I am personally getting very sick and tired of the repetitive question “where is StormW?” with repetitive philosophical answers that I could care less about. The question and the answers are in direct violation of your “Rules of the Road” and have continually been abused. If you choose not to intervene here then we are then left to monitor ourselves and use the control option you have provided at our discretion.

I have been coming here since 2007 to get valuable information during the hurricane seasons. Most of the bloggers that use to provide this information has either gone or comes in occasionally now. The ones that stop in occasionally admit their lack of attendance is a direct result of all the nonsense that goes on in here. If this blog has met all your expectations and is on target for what you foreseen it to be, then no answer is required. We will administer censorship as we see fit. I can assure you if this happens it’s going to get a lot uglier than it has been the last several weeks. We await you response.

Thanks in advance.
Member Since: Posts: Comments:
Quoting Levi32:
Canadian ensembles show a whole lot of precipitation in the Gulf of Mexico and on up the eastern seaboard, indicating tropical activity getting drawn northward by the trough out of the Caribbean.



About time, we in VA need the rain desperately. Thanks for the encouraging news levi, pattern change is coming up not too long from now.
Member Since: Posts: Comments:
Quoting Neapolitan:


How about three: Fiona (8/30), Gaston (9/1), and Hermine (9/6)?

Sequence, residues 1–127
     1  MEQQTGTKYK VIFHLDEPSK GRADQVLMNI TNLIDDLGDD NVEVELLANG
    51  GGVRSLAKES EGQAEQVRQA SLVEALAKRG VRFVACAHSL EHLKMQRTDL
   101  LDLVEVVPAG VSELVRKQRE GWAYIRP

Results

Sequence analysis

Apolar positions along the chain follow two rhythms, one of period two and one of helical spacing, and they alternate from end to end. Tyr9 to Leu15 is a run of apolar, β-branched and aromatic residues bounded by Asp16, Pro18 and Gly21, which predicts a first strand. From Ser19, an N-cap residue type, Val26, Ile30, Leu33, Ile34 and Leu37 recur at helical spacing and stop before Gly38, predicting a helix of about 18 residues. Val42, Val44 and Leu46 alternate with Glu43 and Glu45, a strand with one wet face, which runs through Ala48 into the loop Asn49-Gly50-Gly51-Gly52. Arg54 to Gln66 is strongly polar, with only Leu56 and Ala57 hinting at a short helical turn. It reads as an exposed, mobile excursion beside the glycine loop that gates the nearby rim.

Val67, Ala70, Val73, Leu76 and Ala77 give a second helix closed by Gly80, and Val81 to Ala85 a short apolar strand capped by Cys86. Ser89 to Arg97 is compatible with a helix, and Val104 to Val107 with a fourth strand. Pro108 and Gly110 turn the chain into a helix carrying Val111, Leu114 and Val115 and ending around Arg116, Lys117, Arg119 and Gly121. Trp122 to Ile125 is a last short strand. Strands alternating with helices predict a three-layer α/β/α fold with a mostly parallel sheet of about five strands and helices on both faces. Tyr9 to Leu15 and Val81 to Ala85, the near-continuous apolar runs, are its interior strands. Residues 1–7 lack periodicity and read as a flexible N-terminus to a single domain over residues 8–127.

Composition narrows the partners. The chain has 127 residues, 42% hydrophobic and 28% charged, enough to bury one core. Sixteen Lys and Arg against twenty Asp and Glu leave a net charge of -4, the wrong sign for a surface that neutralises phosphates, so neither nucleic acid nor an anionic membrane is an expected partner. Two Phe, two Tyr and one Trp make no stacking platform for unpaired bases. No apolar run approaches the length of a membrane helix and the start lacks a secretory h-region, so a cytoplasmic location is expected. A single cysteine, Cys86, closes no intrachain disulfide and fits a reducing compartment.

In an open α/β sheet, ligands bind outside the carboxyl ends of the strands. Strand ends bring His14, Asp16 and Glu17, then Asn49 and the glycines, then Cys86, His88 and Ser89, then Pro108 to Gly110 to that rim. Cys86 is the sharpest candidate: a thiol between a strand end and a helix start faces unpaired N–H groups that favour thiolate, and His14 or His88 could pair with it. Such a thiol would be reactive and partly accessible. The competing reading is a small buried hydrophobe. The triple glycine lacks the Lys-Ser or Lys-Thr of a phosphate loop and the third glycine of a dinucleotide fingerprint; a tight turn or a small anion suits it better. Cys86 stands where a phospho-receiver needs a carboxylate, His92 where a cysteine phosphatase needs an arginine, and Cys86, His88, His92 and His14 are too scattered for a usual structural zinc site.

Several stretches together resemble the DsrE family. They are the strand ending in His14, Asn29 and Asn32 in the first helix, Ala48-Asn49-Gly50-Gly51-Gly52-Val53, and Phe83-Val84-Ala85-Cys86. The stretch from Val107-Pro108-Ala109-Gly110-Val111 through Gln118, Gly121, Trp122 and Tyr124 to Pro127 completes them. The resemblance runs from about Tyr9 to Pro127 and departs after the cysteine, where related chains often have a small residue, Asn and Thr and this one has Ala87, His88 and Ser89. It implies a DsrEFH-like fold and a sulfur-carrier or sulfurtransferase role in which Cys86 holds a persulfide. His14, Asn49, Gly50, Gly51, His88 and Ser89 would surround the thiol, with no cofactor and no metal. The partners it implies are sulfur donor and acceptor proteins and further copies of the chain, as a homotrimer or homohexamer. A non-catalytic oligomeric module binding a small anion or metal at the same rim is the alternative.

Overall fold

Look, I feel your enthusiasm, and it is very possible 94L could surprise us by by becoming another monster. But saying that this will turn into major hurricane Lisa in just 48 hours or so when the system hasn't even been classified as a tropical depression yet seems, I'll say it again, a bit premature...



Aye, but always expect the unexpected. Take Julia for example.
Member Since: Posts: Comments:
Quoting Skyepony:
  • The rich text button (all the way to the right of the blue buttons above the comment boxes is fun..
  • I can make lists
copy odd images without knowing any html & things..from my pws



& if you hate it click on "plain Text" which should appear where "Rich Text" was to switch back.

  • It is kind of nice
  • multiple options are here
  • creativity


Member Since: Posts: Comments:
Quoting BreadandCircuses:


So you can say that Igor has been very effective at its job of transferring latent heat from the ocean to the poles.


Yup yup.
Member Since: Posts: Comments:
Quoting Levi32:
The cold SST wake left by Igor will be one of the biggest you'll ever see. We can already start to see part of it from the beginning of his track, but most of it won't show up until a couple days after the storm is gone and the satellites get a chance to completely measure the area.


Yeah, I'm anxiously awaiting to see what it will look like.
Member Since: Posts: Comments:
927. xcool
rmbjoe1954 welcome..
Member Since: Posts: Comments: